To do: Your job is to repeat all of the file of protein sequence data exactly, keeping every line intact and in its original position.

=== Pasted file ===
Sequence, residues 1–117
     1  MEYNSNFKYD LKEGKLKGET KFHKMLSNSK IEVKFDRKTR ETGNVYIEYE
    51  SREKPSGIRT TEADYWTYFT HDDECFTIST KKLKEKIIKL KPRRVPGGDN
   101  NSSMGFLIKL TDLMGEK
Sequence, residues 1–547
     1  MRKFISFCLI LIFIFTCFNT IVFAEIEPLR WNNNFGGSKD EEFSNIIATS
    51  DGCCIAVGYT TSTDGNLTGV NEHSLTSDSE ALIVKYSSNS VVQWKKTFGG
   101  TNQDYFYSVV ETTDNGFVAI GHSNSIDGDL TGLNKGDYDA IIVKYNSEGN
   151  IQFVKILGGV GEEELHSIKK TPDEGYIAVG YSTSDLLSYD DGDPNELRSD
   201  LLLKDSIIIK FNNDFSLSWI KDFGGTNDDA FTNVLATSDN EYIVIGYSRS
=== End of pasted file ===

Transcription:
Sequence, residues 1–117
     1  MEYNSNFKYD LKEGKLKGET KFHKMLSNSK IEVKFDRKTR ETGNVYIEYE
    51  SREKPSGIRT TEADYWTYFT HDDECFTIST KKLKEKIIKL KPRRVPGGDN
   101  NSSMGFLIKL TDLMGEK
Sequence, residues 1–547
     1  MRKFISFCLI LIFIFTCFNT IVFAEIEPLR WNNNFGGSKD EEFSNIIATS
    51  DGCCIAVGYT TSTDGNLTGV NEHSLTSDSE ALIVKYSSNS VVQWKKTFGG
   101  TNQDYFYSVV ETTDNGFVAI GHSNSIDGDL TGLNKGDYDA IIVKYNSEGN
   151  IQFVKILGGV GEEELHSIKK TPDEGYIAVG YSTSDLLSYD DGDPNELRSD
   201  LLLKDSIIIK FNNDFSLSWI KDFGGTNDDA FTNVLATSDN EYIVIGYSRS